The Iranian Canadian Congress (ICC) is urging the Canadian government to re-establish diplomatic ties with the Iranian government. The ICC used the first anniversary of the nuclear agreement with Iran, to issue the plea.
Bijan Ahmadi, president of the ICC, says the decision by the previous conservative government of Stephen Harper, to close the embassy in Tehran and cut diplomatic ties in the fall of 2012 was wrong.
He says Iranian-Canadians have paid the price in the challenges they face, from having to go to Washington to renew passports, to the inability to bring pressure to bear in the case of Iranian-Canadians imprisoned in their native country, as is the current case with academic Homa Hoodfar.Listen
Despite the sanctions having been lifted in the wake of last year’s nuclear agreement, many Iranians are still having problems with financial services. Ahmadi cites a recent complaint from someone whose mortgage application for a condo unit was initially approved, but when it became evident the down payment was coming from Iran, the Canadian bank denied the mortgage. Ahmadi says they are still investigating, but urges the banks to update their sanction rules.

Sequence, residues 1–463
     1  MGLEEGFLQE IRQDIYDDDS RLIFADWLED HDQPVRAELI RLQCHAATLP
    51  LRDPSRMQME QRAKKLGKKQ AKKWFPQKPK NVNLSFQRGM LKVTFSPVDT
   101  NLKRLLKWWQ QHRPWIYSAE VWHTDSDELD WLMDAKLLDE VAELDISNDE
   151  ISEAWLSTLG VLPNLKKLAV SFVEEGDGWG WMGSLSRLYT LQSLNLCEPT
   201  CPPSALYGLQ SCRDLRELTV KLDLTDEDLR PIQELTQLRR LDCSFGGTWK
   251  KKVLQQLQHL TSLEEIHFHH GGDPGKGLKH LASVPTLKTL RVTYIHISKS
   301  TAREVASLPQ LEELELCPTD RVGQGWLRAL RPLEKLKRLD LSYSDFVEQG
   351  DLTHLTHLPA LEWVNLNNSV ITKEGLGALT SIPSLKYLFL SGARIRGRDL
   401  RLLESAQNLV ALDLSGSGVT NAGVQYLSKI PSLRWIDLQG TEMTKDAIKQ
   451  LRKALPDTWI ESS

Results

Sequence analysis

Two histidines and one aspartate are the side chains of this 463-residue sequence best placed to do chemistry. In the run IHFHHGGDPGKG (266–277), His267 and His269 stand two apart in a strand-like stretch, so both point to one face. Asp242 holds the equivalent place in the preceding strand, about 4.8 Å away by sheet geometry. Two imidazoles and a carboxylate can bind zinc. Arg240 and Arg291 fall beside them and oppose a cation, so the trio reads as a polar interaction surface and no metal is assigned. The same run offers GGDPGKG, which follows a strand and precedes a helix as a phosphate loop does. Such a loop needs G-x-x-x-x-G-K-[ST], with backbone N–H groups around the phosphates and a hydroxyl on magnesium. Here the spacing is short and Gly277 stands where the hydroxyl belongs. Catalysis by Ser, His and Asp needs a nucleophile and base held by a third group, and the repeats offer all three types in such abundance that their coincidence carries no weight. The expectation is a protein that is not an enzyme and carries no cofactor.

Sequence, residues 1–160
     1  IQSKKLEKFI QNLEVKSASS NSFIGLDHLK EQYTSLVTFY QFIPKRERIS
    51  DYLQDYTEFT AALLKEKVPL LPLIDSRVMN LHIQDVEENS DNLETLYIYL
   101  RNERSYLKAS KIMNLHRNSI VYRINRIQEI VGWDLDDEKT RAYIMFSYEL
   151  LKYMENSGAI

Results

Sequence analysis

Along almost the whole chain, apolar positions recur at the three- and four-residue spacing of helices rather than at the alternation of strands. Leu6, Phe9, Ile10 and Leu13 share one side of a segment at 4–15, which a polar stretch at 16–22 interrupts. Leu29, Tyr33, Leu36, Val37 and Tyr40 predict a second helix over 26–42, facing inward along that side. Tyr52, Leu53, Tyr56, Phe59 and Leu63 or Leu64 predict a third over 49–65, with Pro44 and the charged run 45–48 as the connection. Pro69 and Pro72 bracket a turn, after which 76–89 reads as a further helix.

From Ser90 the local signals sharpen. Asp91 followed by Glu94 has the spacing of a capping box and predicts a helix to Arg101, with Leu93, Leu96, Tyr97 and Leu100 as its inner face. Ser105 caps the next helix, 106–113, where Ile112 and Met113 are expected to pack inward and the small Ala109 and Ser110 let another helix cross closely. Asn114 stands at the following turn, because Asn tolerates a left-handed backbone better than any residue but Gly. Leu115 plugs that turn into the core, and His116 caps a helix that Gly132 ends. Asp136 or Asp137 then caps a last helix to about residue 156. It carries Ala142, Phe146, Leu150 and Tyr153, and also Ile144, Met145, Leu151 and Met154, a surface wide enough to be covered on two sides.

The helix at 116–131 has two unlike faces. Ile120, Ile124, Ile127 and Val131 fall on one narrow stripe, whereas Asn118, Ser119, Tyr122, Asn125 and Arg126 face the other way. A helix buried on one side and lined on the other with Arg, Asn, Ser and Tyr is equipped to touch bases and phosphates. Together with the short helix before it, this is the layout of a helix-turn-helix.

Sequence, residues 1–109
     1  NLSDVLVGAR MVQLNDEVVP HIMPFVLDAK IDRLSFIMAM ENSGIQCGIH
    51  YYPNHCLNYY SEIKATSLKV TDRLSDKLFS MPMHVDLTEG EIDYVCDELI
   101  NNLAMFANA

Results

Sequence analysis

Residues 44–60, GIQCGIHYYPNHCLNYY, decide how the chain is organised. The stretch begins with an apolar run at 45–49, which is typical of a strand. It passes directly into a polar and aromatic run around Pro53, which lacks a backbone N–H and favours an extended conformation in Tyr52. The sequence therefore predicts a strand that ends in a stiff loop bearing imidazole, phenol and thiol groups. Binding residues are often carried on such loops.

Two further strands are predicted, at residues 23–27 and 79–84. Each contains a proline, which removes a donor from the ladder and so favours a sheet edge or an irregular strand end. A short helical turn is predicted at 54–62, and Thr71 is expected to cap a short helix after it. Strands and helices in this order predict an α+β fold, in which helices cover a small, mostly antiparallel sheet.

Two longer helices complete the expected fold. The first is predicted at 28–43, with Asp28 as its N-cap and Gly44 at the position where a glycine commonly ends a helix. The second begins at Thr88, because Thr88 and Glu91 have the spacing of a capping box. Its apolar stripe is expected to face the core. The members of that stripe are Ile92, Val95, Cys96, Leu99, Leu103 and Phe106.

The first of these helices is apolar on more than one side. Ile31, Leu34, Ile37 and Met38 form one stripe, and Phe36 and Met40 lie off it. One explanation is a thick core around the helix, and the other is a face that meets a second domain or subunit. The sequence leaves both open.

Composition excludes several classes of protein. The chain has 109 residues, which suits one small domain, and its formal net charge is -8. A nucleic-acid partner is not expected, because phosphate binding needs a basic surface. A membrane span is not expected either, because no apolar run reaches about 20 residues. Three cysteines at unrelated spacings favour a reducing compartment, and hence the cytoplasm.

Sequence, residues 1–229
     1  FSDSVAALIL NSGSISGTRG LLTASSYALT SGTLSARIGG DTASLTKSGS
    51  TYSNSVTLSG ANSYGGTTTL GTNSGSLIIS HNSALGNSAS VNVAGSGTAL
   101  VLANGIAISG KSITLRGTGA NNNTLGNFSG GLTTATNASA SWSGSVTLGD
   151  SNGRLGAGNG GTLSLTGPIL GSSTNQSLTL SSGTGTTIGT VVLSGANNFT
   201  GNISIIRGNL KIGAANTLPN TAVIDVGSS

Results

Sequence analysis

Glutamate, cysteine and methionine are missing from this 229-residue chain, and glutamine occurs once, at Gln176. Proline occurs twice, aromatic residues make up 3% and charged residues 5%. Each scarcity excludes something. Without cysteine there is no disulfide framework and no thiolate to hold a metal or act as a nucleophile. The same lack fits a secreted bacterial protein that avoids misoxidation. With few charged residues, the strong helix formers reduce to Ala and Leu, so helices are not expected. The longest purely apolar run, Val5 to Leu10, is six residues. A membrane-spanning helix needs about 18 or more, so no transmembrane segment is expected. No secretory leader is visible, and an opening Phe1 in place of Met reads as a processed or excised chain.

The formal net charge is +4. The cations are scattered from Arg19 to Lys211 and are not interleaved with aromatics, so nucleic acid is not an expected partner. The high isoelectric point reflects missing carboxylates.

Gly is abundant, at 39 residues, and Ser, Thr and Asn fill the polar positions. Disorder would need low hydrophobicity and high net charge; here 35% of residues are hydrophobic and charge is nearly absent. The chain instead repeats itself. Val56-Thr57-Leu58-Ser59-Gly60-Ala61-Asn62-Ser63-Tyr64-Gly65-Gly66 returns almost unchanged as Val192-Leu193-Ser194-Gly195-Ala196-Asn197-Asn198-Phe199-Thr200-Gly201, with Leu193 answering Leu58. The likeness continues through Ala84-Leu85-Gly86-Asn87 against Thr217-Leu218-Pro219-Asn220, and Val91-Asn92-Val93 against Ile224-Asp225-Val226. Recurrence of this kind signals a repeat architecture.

Canada’s Minister of Global Affairs, Stephane Dion, says the government of Canada, and Prime Minister Justin Trudeau, are interested and have expressed the intention to re-engage with Iran. But it will take place on a “step by step basis”.
One of the hurdles is the former Conservative government’s law, known as the, Justice for Victims of Terrorism Act. It allows victims of terrorism to sue countries for sponsoring it. There are several suits pending against Iran since the Conservatives included it, on the list of states that sponsor of terrorism.
The new Liberal government will have to navigate public opinion and the diplomatic channels to get to the point of opening a new embassy in Tehran, even though there are those who say Canada is losing out on major business opportunties in the country of 80 million people, and the fourth-largest oil producer in the world.
Canada’s former embassy in Tehran, was in the international spotlight in 1980, when Ken Taylor, the ambassador at the time, sheltered the six Americans who had escaped the hostage-taking during the Iranian revolution,
In the meantime, Iranians wanting to visit friends or family in Canada, will have to continue making the trip to Turkey to get the required visa, and official relations will continue between Canada and Iran, with the help of Italian diplomatic officials in Tehran.